If even a trace of the wrong motives can do us in, heaven knows I’m ruined. You longtime readers know me well enough to know that I want at least a little “glory and prestige”—and money and popularity, and would a little fame be such a bad thing? Worse: if we’re not nearly perfect when it comes to loving others, we’re also in trouble. When you’re in a group of people, for example,

Are you overly aware of the ones who are wealthy, attractive, or have something they can offer you? Do you worry about what people think of you? Or do you look for ways to love and opportunities to give?[3]

If this were a quiz, I would have to answer yes, yes, and yes. See, I’m all three of those things at once! Chan doesn’t allow for that possibility: it’s either/or with him. Yet I find that I am a bundle of mixed motives most of the time. Most of us sinners are, right?

Not according to Chan: “As followers of Jesus Christ, we should be focused on making disciples. But if we don’t do it with the right motives, we are wasting our time.”[4] As you might imagine, since the most important part of being a disciple-maker is being a Bible study-er, we frequently bring our wrong motives to bear on reading the Bible. Did you know this, for example? “The fact of the matter is that most Christians study the Bible for the wrong reasons.” [5]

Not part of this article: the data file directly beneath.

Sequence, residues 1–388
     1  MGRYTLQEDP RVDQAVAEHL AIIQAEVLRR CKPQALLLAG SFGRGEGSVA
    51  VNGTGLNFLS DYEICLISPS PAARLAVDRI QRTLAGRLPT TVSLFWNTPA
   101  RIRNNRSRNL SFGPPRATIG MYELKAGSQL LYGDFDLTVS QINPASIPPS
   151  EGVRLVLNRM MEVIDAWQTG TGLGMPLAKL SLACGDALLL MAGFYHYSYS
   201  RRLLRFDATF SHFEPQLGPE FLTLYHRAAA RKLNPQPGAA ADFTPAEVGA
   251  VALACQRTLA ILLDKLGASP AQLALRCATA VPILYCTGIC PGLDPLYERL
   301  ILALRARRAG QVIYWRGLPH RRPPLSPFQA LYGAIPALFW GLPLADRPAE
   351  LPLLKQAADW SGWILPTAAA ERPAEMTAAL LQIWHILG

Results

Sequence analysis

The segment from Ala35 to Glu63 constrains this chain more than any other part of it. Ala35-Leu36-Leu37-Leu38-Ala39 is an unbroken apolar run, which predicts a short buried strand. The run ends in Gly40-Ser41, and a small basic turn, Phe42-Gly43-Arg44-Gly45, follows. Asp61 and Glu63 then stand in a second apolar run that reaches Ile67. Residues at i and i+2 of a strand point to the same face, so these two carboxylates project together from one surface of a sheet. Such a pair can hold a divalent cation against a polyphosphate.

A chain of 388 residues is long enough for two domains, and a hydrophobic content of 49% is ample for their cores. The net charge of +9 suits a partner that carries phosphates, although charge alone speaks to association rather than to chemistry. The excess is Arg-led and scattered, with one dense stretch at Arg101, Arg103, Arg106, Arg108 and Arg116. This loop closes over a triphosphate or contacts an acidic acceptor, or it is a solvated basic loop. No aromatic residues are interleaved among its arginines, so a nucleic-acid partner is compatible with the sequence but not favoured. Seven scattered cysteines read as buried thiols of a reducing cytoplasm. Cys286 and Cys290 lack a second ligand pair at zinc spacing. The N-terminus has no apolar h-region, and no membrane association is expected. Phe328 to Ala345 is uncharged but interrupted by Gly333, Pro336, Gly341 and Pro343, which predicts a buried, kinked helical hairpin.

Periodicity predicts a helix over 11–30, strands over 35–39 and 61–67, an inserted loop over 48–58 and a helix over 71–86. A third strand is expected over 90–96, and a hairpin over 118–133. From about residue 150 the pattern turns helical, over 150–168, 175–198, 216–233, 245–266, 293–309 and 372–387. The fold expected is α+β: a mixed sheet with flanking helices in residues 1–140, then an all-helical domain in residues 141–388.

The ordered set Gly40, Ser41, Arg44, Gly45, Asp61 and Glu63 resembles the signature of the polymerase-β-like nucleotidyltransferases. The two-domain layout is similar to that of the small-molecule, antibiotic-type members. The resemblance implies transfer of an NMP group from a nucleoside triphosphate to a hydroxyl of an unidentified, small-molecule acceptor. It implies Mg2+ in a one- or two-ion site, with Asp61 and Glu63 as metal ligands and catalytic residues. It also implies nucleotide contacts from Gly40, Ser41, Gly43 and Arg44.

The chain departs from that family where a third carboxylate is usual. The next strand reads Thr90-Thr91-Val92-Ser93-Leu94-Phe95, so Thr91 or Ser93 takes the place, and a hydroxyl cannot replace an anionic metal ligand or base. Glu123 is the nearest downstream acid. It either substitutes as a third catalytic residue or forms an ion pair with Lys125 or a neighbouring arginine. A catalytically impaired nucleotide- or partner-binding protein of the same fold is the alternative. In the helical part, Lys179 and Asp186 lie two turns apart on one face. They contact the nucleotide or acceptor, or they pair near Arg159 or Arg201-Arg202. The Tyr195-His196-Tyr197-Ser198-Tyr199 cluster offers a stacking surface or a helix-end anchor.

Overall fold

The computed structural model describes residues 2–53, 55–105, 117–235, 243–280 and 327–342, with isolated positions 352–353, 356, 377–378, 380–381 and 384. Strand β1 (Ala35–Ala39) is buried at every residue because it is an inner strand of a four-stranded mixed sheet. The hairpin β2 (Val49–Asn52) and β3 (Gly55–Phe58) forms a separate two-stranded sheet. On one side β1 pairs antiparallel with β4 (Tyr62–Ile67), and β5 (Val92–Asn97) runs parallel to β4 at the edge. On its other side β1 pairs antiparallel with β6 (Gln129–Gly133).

It’s wrong, he says, to read the Bible out of guilt (never mind how guilty he’s making me feel at this point in the book!), a desire for status, or only to offer something for a sermon or a Bible study.

Who knew we had all this errant Bible reading going on? Who knew that reading and studying the Bible—not failing to do so—was such a major problem in our Christian lives?

After all, when we read the Bible, we’re not simply hearing the Word of God in a metaphorical way (as orthodox Christianity teaches), we are hearing God’s direct, unmediated words. “Think of how you would respond to hearing a voice from heaven speaking directly to you. We should approach the Bible with the same reverence.”[6]